A posterior uteroperitoneal fistula: an unexpected finding

Uteroperitoneal fistulas are rare and typically located anterior in a uterine scar. This video presents a unique case of a spontaneous posterior uteroperitoneal fistula managed by robotic excision.

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VOLUME 115, ISSUE 5, P1341-1343

Authors:

Katherine L. Dengler, M.D., Payam Katebi Kashi, M.D., Ph.D., Angela M. DiCarlo-Meacham, M.D., G. Scott Rose, M.D.

Abstract:

Objective

To demonstrate a unique presentation and surgical treatment of a posterior uteroperitoneal fistula with excision of the fistula tract and repair in multiple layers.


Design

Illustrative video presentation. A case report is used to describe potential causes of an uteroperitoneal fistula found in a patient during evaluation of secondary infertility and to highlight surgical technique and management using the principles of fistula repair through a minimally invasive approach. The Institutional Review Board reviewed this video article and it was deemed “not human subject research.”


Setting

Tertiary medical center.


Patient(s)

A 33-year-old G1P1001 woman with a history of a cesarean section presented with secondary infertility, pelvic pain, and dysmenorrhea and was found to have a posterior uteroperitoneal fistula at the time of hysterosalpingography.


Intervention(s)

The patient underwent an uncomplicated robot-assisted laparoscopic excision of a posterior uteroperitoneal fistula with the use of careful dissection of the fistula tract, continuous reassessment, and tension-free closure in layers.


Main Outcome Measure(s)

Preoperative diagnosis and surgical management displaying intraoperative techniques for robot-assisted excision of fistula tract and repair of defect.


Result(s)

The patient underwent robot-assisted operative laparoscopy that revealed a 4-cm mass on the right posterior aspect of the uterus independent from her adnexa. Concomitant hysteroscopy revealed normal endometrium without an evident fistula. During chromopertubation, extravasation was seen into the peritoneal cavity from this mass. The mass and fistula tract were excised without a connection found from her cesarean scar, and reconstruction was performed in multiple layers. Endometriotic lesions were noted intraperitoneally in locations distant from the mass. The patient had significant improvement in her symptoms after surgery.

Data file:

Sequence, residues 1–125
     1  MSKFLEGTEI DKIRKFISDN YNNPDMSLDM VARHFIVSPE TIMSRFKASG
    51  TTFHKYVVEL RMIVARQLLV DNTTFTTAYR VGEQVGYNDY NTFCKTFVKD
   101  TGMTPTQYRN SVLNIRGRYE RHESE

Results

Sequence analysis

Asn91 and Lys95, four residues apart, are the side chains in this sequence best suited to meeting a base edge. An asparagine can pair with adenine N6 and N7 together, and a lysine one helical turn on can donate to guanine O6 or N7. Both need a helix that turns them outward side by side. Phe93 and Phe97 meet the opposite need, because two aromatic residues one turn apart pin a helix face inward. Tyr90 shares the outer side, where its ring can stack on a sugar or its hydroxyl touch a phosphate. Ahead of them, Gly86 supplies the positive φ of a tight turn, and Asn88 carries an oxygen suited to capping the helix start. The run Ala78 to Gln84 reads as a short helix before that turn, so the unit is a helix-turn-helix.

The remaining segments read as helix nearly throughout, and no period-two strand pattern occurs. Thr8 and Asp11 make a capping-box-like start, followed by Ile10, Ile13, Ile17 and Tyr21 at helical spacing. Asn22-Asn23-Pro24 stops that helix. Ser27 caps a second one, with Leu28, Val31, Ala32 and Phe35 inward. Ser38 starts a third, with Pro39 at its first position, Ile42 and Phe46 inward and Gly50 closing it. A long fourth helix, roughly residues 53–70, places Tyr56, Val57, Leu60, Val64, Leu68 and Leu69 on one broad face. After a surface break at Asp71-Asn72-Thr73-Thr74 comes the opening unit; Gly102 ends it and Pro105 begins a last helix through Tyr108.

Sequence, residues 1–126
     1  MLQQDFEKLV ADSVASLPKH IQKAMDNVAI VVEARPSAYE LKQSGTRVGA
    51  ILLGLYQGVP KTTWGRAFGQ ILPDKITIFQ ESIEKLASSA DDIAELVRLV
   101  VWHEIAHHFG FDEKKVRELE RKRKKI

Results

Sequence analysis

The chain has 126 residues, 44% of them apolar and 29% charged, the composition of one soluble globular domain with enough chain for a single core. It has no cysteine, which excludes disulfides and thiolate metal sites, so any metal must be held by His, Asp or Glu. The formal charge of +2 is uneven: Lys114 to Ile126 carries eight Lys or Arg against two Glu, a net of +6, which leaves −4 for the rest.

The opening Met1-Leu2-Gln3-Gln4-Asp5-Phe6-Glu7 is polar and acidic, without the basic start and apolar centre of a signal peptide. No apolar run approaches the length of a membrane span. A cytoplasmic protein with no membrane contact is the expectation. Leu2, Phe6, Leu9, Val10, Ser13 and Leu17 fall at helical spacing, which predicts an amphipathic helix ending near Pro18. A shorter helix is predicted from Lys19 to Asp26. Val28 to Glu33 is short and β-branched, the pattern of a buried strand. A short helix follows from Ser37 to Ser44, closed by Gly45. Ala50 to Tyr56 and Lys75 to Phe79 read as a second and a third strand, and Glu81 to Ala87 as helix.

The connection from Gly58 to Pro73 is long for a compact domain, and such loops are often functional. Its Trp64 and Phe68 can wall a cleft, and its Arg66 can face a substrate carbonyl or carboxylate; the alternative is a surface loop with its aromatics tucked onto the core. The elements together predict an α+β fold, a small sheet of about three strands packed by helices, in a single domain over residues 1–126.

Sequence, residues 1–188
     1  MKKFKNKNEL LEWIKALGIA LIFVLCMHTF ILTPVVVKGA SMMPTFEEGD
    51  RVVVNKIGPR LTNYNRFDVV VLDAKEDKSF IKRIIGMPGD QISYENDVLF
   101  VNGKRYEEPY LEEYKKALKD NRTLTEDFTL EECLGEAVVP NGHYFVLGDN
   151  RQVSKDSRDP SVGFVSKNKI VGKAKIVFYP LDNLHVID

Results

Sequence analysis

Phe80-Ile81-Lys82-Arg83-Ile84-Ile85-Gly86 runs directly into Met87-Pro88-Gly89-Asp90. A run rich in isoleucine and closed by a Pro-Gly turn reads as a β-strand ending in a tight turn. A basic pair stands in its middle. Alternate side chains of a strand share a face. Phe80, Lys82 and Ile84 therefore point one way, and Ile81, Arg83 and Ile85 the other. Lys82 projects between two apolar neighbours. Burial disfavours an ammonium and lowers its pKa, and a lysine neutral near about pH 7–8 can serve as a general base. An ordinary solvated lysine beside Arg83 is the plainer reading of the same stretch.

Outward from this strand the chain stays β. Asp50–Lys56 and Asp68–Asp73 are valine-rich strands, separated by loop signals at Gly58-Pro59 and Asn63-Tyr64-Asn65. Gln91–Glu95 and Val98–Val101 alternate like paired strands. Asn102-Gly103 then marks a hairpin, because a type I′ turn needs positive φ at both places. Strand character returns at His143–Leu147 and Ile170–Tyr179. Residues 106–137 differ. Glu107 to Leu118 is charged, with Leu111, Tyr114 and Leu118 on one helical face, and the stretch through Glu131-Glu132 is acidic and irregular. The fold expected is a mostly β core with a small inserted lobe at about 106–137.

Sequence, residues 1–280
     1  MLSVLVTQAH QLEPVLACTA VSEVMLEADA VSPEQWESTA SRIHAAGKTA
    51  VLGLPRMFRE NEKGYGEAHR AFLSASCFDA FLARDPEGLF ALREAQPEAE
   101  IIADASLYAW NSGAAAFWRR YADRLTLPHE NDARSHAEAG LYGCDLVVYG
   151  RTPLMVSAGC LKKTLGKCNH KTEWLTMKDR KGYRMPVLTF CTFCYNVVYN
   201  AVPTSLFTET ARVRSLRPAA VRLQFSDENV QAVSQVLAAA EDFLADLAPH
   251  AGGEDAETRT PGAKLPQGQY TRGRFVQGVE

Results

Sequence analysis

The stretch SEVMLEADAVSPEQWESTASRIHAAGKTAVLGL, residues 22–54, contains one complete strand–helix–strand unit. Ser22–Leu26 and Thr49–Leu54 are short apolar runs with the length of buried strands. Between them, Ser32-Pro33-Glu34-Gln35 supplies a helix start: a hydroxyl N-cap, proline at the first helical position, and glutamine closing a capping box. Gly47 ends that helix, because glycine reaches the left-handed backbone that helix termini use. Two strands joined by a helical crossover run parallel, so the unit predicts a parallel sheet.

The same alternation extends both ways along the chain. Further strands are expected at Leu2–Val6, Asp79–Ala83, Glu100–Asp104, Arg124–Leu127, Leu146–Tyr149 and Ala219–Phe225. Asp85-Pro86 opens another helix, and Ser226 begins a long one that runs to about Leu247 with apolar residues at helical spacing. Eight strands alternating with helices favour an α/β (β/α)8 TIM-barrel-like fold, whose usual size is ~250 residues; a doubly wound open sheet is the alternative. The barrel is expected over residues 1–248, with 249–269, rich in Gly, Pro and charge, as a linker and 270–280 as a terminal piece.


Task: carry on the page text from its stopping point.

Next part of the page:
Conclusion(s)

We present a unique case of a suspected spontaneous posterior uteroperitoneal fistula in the presence of endometriosis without evidence of a connection to her prior hysterotomy scar. Possible etiologies include an undiagnosed, unrepaired hysterotomy extension or a result of chronic inflammation from deep infiltrating endometriosis. Adverse effects on fertility from uteroperitoneal fistulas may be due to disruption of sperm function or endometrial quality secondary to presence of old blood products sequestered in the fistula or due to resultant inflammation from the same. As in this video case, successful treatment of symptoms resulting from an uteroperitoneal fistula requires removal of the fistula tract. The constellation of pelvic pain, dysmenorrhea, postmenstrual bleeding, and infertility should raise suspicion for an uteroperitoneal fistula.

Fertility and Sterility

Editorial Office, American Society for Reproductive Medicine

Fertility and Sterility® is an international journal for obstetricians, gynecologists, reproductive endocrinologists, urologists, basic scientists and others who treat and investigate problems of infertility and human reproductive disorders. The journal publishes juried original scientific articles in clinical and laboratory research relevant to reproductive endocrinology, urology, andrology, physiology, immunology, genetics, contraception, and menopause. Fertility and Sterility® encourages and supports meaningful basic and clinical research, and facilitates and promotes excellence in professional education, in the field of reproductive medicine.